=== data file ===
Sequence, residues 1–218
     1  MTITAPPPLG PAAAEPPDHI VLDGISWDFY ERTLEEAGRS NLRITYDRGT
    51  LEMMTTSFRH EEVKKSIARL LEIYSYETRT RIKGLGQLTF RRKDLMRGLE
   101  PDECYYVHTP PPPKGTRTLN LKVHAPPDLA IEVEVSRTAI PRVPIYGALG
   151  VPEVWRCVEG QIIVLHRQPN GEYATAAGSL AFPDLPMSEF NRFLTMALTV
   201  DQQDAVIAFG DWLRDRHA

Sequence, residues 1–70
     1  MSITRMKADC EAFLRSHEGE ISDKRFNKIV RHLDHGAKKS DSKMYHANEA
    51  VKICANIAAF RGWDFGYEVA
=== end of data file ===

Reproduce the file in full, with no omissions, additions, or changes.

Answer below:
Sequence, residues 1–218
     1  MTITAPPPLG PAAAEPPDHI VLDGISWDFY ERTLEEAGRS NLRITYDRGT
    51  LEMMTTSFRH EEVKKSIARL LEIYSYETRT RIKGLGQLTF RRKDLMRGLE
   101  PDECYYVHTP PPPKGTRTLN LKVHAPPDLA IEVEVSRTAI PRVPIYGALG
   151  VPEVWRCVEG QIIVLHRQPN GEYATAAGSL AFPDLPMSEF NRFLTMALTV
   201  DQQDAVIAFG DWLRDRHA

Sequence, residues 1–70
     1  MSITRMKADC EAFLRSHEGE ISDKRFNKIV RHLDHGAKKS DSKMYHANEA
    51  VKICANIAAF RGWDFGYEVA